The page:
Decision Training for Human Rule-Based Reasoning under Time Pressure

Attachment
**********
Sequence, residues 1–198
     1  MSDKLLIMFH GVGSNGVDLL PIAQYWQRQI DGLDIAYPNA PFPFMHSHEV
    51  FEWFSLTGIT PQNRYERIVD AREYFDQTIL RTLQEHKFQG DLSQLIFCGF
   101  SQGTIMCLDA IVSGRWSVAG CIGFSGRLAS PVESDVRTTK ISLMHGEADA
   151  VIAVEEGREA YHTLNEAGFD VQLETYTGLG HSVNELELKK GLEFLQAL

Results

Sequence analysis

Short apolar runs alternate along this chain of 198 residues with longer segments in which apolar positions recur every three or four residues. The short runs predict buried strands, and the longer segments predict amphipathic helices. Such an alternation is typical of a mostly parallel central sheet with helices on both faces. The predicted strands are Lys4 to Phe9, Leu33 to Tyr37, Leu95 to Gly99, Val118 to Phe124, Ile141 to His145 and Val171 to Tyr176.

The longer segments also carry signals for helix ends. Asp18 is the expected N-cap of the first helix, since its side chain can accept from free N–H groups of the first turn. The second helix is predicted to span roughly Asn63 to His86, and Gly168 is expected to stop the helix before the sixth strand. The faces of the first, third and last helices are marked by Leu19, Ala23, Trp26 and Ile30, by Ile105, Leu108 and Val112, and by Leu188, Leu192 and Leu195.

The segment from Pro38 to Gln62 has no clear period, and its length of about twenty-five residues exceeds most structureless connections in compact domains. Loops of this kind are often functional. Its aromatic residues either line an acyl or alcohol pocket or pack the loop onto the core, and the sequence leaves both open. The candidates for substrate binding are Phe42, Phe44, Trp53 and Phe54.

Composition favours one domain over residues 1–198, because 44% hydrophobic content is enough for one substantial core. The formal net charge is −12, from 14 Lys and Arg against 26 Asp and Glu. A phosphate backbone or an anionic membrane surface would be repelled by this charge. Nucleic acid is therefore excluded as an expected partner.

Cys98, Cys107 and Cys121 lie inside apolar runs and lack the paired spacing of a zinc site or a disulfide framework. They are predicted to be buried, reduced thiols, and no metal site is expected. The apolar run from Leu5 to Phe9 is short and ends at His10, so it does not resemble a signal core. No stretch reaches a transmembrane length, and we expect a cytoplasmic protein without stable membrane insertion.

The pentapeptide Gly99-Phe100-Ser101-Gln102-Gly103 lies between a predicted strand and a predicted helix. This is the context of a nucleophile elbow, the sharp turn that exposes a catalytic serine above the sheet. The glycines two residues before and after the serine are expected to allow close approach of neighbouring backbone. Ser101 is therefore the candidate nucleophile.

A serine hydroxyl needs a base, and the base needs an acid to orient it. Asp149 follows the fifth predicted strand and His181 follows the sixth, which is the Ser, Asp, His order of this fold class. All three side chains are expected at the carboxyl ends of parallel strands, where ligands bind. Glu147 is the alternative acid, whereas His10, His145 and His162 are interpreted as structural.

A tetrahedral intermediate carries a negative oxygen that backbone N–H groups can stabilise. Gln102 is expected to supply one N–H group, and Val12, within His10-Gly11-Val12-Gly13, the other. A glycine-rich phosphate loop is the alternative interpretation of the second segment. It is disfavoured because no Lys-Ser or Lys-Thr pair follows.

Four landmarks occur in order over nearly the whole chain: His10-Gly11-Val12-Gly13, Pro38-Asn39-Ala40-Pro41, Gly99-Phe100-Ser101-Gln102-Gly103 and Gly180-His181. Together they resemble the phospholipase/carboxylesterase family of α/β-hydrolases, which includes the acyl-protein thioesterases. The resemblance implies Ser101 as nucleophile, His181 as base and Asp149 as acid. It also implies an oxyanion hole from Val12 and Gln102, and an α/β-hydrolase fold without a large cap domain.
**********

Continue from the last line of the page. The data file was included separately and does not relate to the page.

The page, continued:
In many emergency situations, human operators need to derive countermeasures based on contingency rules whilst under time pressure. Since it has been found that people tend to process information intuitively and to be overconfident regarding their performance level, it is necessary that operators be well trained in decision making for the safety-related domain. In order to contribute to the human success in playing such a role, the present study intends to examine the effectiveness of using expert systems, an excellent rule-based reasoner, to train for the desired decision performance. Emergency management of chemical spills was selected to exemplify the rule-based decision task. An expert system in this domain was developed to serve as the training tool. Forty subjects participated in an experiment in which a computerized information board was used to capture subjects' rule-based performance under the manipulation of time pressure and training The experiment results indicate that people adapt to time pressure by accelerating their processing of rules where the heuristic of cognitive availability was employed. The simplifying strategy was found to be the source of human error in rule-based reasoning, and also the root resulting in confirmation bias that led to overconfidence. The results also show that the decision behavior of individuals who undergo the expert system training is directed to a normative and expeditious pattern, which leads to an improved level of decision accuracy and appropriate realism of confidence judgment. Implications of these findings for human decision behavior, computer-aided training, interface design, and industrial safety are examined in the present study.
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